Sponsored By

IBM: C-Suite Starting to See Blockchain PotentialIBM: C-Suite Starting to See Blockchain Potential

An IBM study finds that about a third of C-suite executives are using or considering blockchain as part of their technology plans.

Scott Ferguson

May 19, 2017

3 Min Read
IBM: C-Suite Starting to See Blockchain Potential

Blockchain remains a relatively new and experimental technology, but executives in the C-suite are starting to warm up to the idea of using it in a variety of capacities within the enterprise, according to a study conducted by IBM.

Of the 3,000 executives who participated in the study, about one third were using or considering blockchain for their enterprise. Of that number, eight out of ten C-level executives reported their interest in the technology is in response to financial shifts within their particular industry or as a way to develop a new business model.

The report, released May 18, is part of IBM's C-Suite studies and was conducted by the company's Institute for Business Value.

It should be noted that IBM is a not a dispassionate observer when it comes to blockchain. Big Blue is looking at making the technology a cornerstone of its own new business model, along with cognitive computing, artificial intelligence and, of course, cloud computing.

Figure 1: Swinging the blockchain (Source: Wsyperek via Pixabay) Swinging the blockchain (Source: Wsyperek via Pixabay)

In the past few months, IBM struck deals with Northern Trust and du -- a company in the United Arab Emirates – to use its blockchain technology. In addition, IBM is working with the US Food and Drug Administration on a multi-year plan to determine if blockchain can secure patient records. (See IBM, FDA Look to Blockchain to Secure Health Records.)

Unlike a traditional federated database system with different databases from different vendors trying to communicate with one another, blockchain essentially creates different "blocks" of information that link together in a chain of transactions, where each transaction is time-stamped and encrypted.

This also makes it hard to disrupt and allows for the chain to be rebuilt if there's a disruption.

Blockchain makes digital currency like Bitcoin secure, providing trust between two individuals who might be strangers to each other, across peer-to-peer networks. And the same principles can be applied to other types of data that need to move across different databases and contain sensitive information.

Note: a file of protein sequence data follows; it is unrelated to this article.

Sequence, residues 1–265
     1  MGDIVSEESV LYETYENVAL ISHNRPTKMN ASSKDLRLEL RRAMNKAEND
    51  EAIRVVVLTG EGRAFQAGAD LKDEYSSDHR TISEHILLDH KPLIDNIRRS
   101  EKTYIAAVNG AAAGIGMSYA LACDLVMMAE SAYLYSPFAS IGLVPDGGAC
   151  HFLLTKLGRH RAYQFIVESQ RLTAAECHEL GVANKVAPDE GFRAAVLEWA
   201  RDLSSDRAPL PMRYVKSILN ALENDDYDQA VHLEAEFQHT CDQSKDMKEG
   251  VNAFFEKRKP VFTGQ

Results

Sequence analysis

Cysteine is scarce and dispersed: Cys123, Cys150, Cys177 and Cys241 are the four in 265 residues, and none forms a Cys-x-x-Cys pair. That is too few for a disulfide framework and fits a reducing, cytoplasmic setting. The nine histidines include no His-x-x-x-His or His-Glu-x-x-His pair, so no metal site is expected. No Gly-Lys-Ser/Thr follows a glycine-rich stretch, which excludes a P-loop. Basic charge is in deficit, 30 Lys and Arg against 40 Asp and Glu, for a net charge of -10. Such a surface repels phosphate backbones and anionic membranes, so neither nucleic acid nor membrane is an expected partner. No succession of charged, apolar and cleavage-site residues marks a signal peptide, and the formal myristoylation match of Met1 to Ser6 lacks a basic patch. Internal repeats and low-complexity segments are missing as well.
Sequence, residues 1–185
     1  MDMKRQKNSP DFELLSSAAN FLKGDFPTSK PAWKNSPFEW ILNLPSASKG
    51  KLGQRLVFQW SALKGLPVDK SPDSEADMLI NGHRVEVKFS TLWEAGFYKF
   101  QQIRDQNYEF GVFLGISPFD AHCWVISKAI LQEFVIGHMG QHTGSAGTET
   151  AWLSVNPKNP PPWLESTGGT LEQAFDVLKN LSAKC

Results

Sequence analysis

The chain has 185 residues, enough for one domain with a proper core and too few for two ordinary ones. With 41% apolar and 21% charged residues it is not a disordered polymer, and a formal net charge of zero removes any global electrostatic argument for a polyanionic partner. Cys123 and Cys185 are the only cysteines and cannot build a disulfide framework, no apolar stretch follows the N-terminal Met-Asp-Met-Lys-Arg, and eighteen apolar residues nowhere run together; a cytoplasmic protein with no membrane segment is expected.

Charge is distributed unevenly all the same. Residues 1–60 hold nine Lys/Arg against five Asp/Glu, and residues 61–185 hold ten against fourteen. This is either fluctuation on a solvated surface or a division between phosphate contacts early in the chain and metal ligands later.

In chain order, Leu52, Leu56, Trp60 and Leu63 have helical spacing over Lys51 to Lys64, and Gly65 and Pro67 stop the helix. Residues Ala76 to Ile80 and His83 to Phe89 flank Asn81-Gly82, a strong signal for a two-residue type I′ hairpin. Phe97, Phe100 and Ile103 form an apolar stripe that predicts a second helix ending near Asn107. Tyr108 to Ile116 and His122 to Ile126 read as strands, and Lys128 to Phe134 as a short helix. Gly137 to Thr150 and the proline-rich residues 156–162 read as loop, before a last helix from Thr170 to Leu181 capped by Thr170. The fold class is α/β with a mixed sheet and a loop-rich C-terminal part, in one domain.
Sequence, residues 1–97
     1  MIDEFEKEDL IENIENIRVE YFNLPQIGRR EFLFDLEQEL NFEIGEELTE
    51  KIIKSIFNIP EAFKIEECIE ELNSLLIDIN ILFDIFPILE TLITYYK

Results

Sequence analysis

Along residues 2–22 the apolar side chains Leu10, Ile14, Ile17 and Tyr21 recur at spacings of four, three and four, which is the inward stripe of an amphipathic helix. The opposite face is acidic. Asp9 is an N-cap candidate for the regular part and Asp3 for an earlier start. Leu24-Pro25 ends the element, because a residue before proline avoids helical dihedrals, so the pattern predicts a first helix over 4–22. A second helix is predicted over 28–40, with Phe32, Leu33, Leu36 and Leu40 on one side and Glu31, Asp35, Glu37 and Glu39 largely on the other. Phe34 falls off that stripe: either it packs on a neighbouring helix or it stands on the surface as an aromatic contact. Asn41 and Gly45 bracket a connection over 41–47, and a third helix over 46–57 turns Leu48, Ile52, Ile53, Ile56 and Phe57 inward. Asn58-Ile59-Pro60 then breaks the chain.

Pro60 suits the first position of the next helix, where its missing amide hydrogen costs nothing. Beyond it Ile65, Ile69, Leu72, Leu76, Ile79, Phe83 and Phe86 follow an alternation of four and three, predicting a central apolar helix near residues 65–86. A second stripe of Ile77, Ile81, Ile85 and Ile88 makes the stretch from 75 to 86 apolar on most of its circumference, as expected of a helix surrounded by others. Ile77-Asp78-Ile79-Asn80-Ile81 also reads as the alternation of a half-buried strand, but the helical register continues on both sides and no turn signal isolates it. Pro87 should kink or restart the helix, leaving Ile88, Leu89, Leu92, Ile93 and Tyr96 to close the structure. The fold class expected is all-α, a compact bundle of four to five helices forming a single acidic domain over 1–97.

M&A activity is turning the cloud upside down. Find out what you need to know in our special report: Mergers, Acquisitions & IPOs are Rocking the Cloud.

In the IBM study, one of the most compelling aspects of blockchain was its ability to build trust and relationships between different businesses, especially in an age of disruption where newer, nimbler competitors are taking over business from more established firms.

"With blockchain, everyone is looking at the same thing at the same time. These new trusted transactions will spawn new business models, processes and platforms where all ecosystem participants can be connected to create new value," Brigid McDermott, IBM vice president for Blockchain Business Development, wrote in a statement.

The report also found:

  • Seventy-one percent of those actively using blockchain believe industry partnerships are important to advance blockchain efforts.

  • In addition, 78% of those actively using blockchain believe customers are important to advance blockchain efforts.

Related posts:

— Scott Ferguson, Editor, Enterprise Cloud News. Follow him on Twitter @sferguson_LR.

About the Author(s)

Scott Ferguson

Managing Editor, Light Reading

Prior to joining Enterprise Cloud News, he was director of audience development for InformationWeek, where he oversaw the publications' newsletters, editorial content, email and content marketing initiatives. Before that, he served as editor-in-chief of eWEEK, overseeing both the website and the print edition of the magazine. For more than a decade, Scott has covered the IT enterprise industry with a focus on cloud computing, datacenter technologies, virtualization, IoT and microprocessors, as well as PCs and mobile. Before covering tech, he was a staff writer at the Asbury Park Press and the Herald News, both located in New Jersey. Scott has degrees in journalism and history from William Paterson University, and is based in Greater New York.

Subscribe and receive the latest news from the industry.
Join 62,000+ members. Yes it's completely free.

You May Also Like